The British Crime Survey
What is the British Crime Survey?
The British Crime Survey is a key source of information about levels of crime and public attitudes to crime. It is viewed as particularly important as it includes information about crimes which are not reported to the police. This makes it a valuable alternative to police recorded crime statistics.
The British Crime Survey also includes information on perceptions of the criminal justice system and attitudes towards crime.
The British Crime Survey:
- Is a victimisation survey in which adults living in private households are asked about their experiences of crime in face-to-face interviews.
- Currently interviews over 51,000 people aged 16 or over every year.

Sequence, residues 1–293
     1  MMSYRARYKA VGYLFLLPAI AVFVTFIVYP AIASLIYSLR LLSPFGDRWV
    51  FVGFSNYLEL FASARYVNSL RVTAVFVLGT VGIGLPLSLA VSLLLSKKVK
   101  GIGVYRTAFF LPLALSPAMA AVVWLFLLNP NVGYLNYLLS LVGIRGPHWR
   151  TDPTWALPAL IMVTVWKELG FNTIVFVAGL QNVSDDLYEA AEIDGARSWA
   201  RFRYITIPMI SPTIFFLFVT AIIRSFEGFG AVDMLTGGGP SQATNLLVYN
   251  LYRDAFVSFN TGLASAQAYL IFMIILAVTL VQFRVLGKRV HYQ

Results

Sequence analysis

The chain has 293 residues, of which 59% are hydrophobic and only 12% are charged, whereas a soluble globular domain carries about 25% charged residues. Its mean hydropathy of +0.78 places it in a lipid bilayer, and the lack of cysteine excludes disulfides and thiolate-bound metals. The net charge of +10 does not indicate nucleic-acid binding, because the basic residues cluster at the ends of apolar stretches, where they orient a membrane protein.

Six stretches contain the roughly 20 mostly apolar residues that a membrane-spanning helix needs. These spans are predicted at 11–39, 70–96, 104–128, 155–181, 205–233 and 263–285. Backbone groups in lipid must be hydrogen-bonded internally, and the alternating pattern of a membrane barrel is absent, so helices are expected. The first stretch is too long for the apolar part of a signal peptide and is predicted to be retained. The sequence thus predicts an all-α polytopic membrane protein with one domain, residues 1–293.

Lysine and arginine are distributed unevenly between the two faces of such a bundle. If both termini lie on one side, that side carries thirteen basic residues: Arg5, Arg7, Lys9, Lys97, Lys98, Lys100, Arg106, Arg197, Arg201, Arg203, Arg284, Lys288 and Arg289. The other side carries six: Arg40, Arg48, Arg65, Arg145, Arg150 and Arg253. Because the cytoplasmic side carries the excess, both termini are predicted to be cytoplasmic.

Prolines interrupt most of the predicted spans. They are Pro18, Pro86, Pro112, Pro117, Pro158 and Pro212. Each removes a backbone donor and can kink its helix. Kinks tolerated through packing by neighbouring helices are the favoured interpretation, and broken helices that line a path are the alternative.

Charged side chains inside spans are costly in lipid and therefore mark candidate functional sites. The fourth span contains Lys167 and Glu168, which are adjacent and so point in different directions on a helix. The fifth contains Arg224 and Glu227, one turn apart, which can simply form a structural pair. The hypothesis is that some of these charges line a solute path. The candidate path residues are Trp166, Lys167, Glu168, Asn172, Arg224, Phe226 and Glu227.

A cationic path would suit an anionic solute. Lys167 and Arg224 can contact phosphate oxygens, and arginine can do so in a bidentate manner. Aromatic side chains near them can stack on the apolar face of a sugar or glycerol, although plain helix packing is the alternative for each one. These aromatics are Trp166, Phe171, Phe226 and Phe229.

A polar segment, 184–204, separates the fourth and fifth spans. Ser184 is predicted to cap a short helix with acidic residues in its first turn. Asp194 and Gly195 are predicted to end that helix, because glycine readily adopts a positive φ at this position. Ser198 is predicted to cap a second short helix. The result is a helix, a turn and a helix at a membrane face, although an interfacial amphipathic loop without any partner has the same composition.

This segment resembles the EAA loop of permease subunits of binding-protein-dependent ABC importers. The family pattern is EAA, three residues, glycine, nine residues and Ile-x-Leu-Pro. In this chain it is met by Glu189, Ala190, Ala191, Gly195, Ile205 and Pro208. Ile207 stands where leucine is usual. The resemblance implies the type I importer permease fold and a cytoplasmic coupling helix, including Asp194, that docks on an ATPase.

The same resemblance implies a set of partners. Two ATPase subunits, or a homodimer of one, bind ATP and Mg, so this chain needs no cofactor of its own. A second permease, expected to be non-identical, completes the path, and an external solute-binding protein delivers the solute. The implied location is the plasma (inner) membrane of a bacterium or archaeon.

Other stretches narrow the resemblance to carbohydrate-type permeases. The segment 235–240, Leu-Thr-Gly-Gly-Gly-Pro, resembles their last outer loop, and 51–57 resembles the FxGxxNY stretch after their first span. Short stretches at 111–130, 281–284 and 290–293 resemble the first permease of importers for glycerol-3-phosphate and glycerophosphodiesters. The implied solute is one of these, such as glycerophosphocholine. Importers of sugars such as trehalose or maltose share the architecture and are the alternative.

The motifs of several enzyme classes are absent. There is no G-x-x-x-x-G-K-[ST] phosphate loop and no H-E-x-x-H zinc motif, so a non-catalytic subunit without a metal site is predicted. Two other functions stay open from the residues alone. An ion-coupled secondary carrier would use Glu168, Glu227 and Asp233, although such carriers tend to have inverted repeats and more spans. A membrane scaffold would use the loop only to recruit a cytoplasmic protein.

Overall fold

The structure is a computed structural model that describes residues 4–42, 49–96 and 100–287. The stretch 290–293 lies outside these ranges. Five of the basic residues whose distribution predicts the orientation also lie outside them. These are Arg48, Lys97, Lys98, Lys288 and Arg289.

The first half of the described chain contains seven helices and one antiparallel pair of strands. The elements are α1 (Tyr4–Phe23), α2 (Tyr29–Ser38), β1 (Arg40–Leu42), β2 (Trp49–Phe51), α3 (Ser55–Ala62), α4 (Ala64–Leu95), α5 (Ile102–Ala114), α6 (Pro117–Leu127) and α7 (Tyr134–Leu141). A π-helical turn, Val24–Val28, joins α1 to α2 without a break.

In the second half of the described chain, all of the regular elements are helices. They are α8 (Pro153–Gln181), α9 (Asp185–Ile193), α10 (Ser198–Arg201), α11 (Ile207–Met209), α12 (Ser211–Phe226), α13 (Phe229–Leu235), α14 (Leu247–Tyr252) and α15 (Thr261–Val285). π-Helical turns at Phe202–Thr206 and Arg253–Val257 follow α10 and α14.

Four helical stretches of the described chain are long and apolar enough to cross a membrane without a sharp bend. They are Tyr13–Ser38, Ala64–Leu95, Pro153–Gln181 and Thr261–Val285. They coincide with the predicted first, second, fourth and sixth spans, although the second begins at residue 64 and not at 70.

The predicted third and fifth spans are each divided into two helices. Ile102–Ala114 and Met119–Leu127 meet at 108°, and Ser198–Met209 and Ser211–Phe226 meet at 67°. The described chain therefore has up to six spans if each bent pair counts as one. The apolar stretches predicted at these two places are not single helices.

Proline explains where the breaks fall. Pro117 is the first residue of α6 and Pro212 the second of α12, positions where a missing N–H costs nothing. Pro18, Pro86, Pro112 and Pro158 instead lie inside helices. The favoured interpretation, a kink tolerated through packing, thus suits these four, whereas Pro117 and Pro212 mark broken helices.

- Is a survey of a representative sample of people resident in England and Wales (the British Crime Survey
- does not sample people in Scotland or Northern Ireland, which have separate surveys: the Scottish Crime & Justice Survey and the Northern Ireland Crime & Victimisation Survey.)
- Asks about people’s experiences and perceptions of crime
- Includes questions on people’s attitudes towards crime-related topics (including, for example, anti-social behaviour, the police, and criminal justice system)
- Provides what many criminologists consider to be a very reliable measure of the extent of victimisation and of national trends over time
- Is not affected by whether the public report crime or by changes to the way in which the police record crime
Police Recorded Crime is different to the British Crime Survey. Police recorded crime:
- Is based on figures which are supplied by the police to the Home Office
- Covers crimes which are reported to and recorded by the police
- Is a reliable measure of trends in well-reported crimes and also the less common but more serious crimes
- Is also an important indicator of police workload
- Provides data for small geographic areas